The issues surrounding the raising of the weir at Wainisavulevu reveals many factors and raises further questions for the Department of Environment (DOE) and Energy Fiji Ltd (EFL). For more than four years, I was National Coordinator for the Fiji Wetlands Working Group preparing Fiji’s accession to the Ramsar Convention on Wetlands. Wetlands by definition include mangroves, coral reefs, rivers and their tributaries and all lakes and ponds. This includes the catchment area surrounding Wainisavulevu and the dam itself, the whole Monasavu catchment and dam. In 2003 I was part of the team that presented a proposal to Cabinet requesting:
• For Fiji to rectify the Ramsar Convention on wetlands;
• For the Department of Environment to become the wetlands focal point; and
• For the Group to be officially recognised as the Wetlands Steering Committee and to advise Government on all wetland issues.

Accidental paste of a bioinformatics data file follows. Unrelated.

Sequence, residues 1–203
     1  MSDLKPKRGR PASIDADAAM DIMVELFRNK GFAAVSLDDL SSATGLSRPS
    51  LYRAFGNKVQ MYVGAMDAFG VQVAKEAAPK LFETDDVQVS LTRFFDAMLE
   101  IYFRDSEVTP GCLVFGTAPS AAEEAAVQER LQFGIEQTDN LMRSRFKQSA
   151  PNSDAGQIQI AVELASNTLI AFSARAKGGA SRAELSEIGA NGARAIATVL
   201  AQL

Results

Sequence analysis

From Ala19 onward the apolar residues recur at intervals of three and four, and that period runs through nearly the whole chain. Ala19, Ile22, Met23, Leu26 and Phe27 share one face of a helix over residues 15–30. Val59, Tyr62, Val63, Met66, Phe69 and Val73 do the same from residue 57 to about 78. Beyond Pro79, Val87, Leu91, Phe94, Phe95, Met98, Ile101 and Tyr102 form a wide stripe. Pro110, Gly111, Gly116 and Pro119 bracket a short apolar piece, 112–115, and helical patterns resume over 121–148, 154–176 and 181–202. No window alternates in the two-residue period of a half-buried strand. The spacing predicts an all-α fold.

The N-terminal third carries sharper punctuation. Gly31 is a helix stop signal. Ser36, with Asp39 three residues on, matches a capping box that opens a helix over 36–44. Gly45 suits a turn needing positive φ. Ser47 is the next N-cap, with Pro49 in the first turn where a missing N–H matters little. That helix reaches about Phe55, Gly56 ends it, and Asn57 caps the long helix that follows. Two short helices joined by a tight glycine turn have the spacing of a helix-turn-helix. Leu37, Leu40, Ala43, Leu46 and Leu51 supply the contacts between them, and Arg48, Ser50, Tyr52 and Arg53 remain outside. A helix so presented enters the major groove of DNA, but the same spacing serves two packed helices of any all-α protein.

All three proposals were endorsed and approved by government then.
Both Dr Dick Watling and Marika Tuiwawa who later became founding members of NatureFiji MareqetiViti were senior members of our committee and we worked very closely with government then. Also in our committee were representatives from Department of Fisheries, Department of Lands, Department of Forests, Department of Agriculture, USP, NLTB (TLTB), Fijian Affairs Board, National Trust of Fiji and conservation NGOs such as WWF, Live and Learn, WCS, Birdlife International and etc. Behind this committee is more than 200 years of combined experience in the field of conservation and environment. No one in Fiji knows and understands the ecology of Monasavu and its surrounding areas more than this group. They are regular visitors there and I have camped with them in those thick dense forests for up to two weeks at a time while doing field surveys. Dr Dick Watling has been the author of the Fiji government’s Status of Environment Report and has done countless work for Fiji and the region.